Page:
Home / Money / Personal-finance /  We were careful with money but not disciplined

For Seema Menon, a 37-year-old life coach in Mumbai, money lessons were learnt the hard way and early on in life. She had seen her father struggle through a business downfall and the resulting debt deluge. Then, when cancer took him away in 2002, the family was left floundering in financial distress.

Menon, who is from Chennai, was sure from the time she stepped out of college that she would be independent. She booked herself a one-way ticket to Mumbai where she found a job as a human resources (HR) professional. “For me, being financially independent was important. My father used to help me during the initial stages but once I had a job, I was on my own." When her father passed away, Menon found herself thinking and worrying more about money. “My brother and I managed finances while I had to run the house since he had to leave for the US, again as a means to help the family kitty," she says.

Tough experiences had taught Menon to be financially prepared. So, when she got married in 2006, she found herself worrying more about financial matters than her HR professional husband. “My husband comes from a background that didn’t see the kind of money struggles I did. So, I am more anxious of the two of us," she says. “He views money without the anxiety. He is very stable and safe with money matters."

Soon after her daughter was born in 2007, Menon, who had stopped working after marriage to start her own practice as a life coach, decided they needed a more structured approach to finances. “We were careful with money but not disciplined, so we didn’t have a plan of action. It was only after engaging a financial planner that we actually realised our goals and learnt how to save and invest for them," she remembers. The decision to seek professional help was her’s. Menon researched and found a financial planner, and then introduced her husband to financial planning as a gift on his birthday about four years back. “We were started off on need analysis and goal setting. I participated actively in each session to decide our goals. For instance, while we are building a fund for our daughter’s education, we don’t have any money put away for her marriage. My husband counts it as our duty as parents, but I don’t."

In their household, Menon’s husband is the main breadwinner and she is the main curator of the family’s financial well being. “We made our financial plan as a couple and even now, when our planner tells us of an investment opportunity or wants to make any changes, both of us are consulted." Having a plan and professional help gives her great comfort. “We have our goals chalked out, and our money invested properly. So, I feel less insecure."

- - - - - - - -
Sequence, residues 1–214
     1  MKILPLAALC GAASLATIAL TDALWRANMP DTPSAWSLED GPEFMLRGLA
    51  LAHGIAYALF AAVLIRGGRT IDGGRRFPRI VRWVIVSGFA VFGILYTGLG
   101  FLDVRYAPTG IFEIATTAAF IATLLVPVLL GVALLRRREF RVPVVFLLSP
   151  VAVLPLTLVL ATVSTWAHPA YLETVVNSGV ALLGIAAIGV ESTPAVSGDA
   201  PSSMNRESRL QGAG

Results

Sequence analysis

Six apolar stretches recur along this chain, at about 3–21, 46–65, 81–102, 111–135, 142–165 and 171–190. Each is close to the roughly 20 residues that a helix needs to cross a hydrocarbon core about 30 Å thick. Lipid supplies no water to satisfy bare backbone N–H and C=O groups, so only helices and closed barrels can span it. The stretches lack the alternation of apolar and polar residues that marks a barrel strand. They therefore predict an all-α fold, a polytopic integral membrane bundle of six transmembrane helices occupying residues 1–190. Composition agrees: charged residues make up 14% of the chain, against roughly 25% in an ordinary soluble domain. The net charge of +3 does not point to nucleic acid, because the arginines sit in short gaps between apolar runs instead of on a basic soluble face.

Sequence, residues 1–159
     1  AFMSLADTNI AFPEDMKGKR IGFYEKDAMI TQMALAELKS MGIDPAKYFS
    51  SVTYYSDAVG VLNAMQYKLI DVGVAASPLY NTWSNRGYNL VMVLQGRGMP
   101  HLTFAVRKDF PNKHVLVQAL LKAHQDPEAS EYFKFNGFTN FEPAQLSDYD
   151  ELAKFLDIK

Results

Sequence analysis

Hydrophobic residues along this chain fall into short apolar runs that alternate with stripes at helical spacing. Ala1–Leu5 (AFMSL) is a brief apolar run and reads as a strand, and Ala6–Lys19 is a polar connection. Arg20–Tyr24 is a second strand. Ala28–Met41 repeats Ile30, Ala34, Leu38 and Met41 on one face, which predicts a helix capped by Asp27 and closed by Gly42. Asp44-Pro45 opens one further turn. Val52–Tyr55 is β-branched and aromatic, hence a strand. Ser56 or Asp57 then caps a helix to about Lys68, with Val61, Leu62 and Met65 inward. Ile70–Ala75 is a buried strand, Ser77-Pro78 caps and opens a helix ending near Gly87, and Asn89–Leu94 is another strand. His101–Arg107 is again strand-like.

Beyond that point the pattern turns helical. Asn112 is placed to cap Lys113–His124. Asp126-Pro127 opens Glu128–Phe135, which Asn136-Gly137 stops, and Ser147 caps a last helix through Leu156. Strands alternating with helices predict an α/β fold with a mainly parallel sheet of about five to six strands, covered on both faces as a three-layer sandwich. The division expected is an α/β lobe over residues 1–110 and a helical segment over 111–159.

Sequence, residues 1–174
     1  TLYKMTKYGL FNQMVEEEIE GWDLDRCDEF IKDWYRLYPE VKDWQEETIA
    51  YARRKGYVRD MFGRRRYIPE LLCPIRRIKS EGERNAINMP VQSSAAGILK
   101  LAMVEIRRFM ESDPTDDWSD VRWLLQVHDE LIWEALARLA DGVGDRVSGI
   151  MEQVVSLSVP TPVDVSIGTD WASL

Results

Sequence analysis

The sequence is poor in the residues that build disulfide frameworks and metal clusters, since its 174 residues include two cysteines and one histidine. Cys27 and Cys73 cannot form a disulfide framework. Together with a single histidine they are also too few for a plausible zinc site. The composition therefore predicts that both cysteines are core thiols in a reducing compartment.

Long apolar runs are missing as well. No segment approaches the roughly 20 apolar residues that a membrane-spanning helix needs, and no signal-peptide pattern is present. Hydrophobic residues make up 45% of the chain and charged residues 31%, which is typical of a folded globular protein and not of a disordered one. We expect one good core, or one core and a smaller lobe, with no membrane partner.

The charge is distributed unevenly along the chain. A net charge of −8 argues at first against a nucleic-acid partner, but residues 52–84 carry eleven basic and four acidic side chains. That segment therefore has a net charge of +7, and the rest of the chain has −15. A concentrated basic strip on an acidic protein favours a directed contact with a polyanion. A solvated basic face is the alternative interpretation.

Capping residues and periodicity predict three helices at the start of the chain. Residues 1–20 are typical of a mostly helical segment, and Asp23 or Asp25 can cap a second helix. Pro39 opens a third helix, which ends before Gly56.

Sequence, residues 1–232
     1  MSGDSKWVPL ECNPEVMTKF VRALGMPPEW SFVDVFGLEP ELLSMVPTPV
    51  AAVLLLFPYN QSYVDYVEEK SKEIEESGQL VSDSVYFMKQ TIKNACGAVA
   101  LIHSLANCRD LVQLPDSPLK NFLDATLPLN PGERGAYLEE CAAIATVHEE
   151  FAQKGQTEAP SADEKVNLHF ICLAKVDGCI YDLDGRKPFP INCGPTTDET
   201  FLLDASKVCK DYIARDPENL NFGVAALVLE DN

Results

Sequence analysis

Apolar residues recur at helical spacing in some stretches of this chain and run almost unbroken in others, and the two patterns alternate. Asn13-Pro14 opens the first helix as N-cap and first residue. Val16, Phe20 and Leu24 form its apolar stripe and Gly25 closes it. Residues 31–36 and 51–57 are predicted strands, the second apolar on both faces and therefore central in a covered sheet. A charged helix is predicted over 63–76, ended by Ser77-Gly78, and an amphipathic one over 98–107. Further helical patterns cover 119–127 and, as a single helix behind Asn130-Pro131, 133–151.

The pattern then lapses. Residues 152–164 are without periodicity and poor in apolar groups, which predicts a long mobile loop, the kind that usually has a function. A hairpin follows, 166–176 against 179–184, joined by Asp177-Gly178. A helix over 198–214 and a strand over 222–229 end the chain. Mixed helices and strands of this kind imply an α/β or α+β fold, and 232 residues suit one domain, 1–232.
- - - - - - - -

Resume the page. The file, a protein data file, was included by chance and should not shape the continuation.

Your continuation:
‘I don’t invest blindly’

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Marisa D’Mello, 53, is a Mumbai-based freelance human resources professional, who is single and has been consulting a financial planner for 7-8 years. “I am an organisational consultant, and at one place, I met a financial planner who was giving a talk to employees and also meeting those who wanted personalised advice. I spoke to him and found him competent and experienced. I decided to seek his advice," says D’Mello. Over the years, the financial planner has helped her align life goals and financial goals, and also helped with investment plans.

“The most important thing for a single, working woman who is not conversant with investing smartly, is to get a planner who can understand your context and situation. My planner provides customised service, and is accessible," said D’Mello, who prefers to also educate herself on the various products available and recommended. “I don’t invest blindly. My planner simplifies shares and mutual funds for me. That really helps ," she says.

It’s also important to ask questions and share your fears with your adviser. The cost for seeking such expertise is also a consideration. “Women I speak to are curious about the cost of employing a planner. I tell them that when you pay for a second opinion from a doctor, why not a financial planner, instead of leaving things only to your fathers and brothers? The fees you pay can help your money work so that you get better returns," she says.

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